I didn’t go to the festival that day looking for inspiration, I just wanted a break.  If anything I was rather closed up with regard to creativity, but it reminded me to be open to the world around me.  It’s so easy to become focused on one piece of work (essential if it’s going to be a good piece of work), sitting at home and expending energy and imagination in one direction.  But we have to remember to fill up again, to go out in the world and be nourished by what it has to offer, listen and watch and live, so that creativity is never stagnant, is always an ongoing and constructive process, and then the words will come into the light to play on the page and remind us why we love being writers.

I recommend a visit to one of Julia’s exhibitions (in Frome until the 14th July), or at the very least see an excellent selection of her work on her website.  Either way, remember to take a notebook and pen with you.

The Art of Book Covers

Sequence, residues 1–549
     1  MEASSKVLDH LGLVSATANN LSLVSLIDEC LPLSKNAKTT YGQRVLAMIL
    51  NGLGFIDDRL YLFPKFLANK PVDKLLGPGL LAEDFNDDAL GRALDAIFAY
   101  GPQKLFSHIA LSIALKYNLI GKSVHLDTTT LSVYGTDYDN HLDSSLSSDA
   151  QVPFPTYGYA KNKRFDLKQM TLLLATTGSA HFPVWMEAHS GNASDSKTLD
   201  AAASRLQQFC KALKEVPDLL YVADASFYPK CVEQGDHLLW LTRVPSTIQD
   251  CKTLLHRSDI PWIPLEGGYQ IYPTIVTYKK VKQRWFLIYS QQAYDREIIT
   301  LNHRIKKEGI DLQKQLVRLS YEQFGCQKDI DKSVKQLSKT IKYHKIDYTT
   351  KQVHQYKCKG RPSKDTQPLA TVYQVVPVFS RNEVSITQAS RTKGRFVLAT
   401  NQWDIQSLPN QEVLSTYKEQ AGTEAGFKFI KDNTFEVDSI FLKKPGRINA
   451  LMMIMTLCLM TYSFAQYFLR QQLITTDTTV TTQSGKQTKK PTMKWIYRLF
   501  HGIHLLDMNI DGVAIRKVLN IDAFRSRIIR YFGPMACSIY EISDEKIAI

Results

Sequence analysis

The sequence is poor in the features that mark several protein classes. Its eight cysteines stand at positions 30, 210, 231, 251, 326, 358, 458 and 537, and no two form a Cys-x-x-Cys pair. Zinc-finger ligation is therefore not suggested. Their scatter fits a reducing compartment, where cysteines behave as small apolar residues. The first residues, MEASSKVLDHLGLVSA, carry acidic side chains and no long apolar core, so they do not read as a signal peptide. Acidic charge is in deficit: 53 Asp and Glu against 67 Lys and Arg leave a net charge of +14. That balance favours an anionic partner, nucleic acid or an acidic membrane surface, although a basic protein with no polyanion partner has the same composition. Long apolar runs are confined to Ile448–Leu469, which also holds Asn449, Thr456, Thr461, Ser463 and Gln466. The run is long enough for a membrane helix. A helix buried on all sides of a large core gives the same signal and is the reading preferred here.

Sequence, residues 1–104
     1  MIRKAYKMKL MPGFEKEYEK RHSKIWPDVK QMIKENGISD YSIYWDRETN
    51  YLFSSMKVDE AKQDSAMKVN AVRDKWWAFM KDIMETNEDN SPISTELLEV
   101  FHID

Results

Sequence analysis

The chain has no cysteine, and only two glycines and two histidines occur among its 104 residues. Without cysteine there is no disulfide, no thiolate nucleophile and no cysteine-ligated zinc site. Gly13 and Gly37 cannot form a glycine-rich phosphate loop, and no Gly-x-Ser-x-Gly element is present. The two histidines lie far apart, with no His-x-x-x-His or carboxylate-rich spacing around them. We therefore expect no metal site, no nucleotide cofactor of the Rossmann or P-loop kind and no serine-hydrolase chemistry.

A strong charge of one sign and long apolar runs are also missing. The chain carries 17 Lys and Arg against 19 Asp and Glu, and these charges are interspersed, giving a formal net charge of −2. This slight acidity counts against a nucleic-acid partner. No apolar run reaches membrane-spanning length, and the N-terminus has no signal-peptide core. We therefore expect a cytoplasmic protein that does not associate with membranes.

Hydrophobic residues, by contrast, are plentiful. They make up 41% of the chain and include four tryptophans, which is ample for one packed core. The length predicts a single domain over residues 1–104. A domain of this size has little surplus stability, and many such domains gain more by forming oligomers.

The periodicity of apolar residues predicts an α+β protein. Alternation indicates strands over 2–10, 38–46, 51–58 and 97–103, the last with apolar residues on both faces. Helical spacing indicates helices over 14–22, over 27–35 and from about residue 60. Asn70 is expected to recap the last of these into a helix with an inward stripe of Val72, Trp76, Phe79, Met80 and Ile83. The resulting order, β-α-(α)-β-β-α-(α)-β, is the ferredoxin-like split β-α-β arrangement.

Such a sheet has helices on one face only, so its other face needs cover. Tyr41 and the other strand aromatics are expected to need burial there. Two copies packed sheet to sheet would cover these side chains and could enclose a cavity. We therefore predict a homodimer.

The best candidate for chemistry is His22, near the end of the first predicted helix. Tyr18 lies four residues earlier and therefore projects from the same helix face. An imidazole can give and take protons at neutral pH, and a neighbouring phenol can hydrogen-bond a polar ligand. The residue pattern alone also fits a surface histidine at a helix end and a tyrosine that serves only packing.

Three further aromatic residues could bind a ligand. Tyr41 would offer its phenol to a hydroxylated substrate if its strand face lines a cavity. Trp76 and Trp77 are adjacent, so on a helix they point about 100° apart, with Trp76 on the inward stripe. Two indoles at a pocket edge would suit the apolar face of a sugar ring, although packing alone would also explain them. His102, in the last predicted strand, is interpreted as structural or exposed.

While researching cover design for my YA novel The Big Deep, I stumbled across a brief imagesbut fascinating film about the cover of The Shock of the Fall by Nathan Filer: BBC Entertainment and Arts.  It gives an insight into the vision behind the design and the various interpretations the art department at Harper Collins came up with.  This was very much a collaborative process, with the Art Director, the illustrator (Charlotte Farmer) and Filer himself talking about its development and how ‘connecting to the feel of the book’ was one of the most important aspects (although it’s unclear how much input Filer had on the final decision).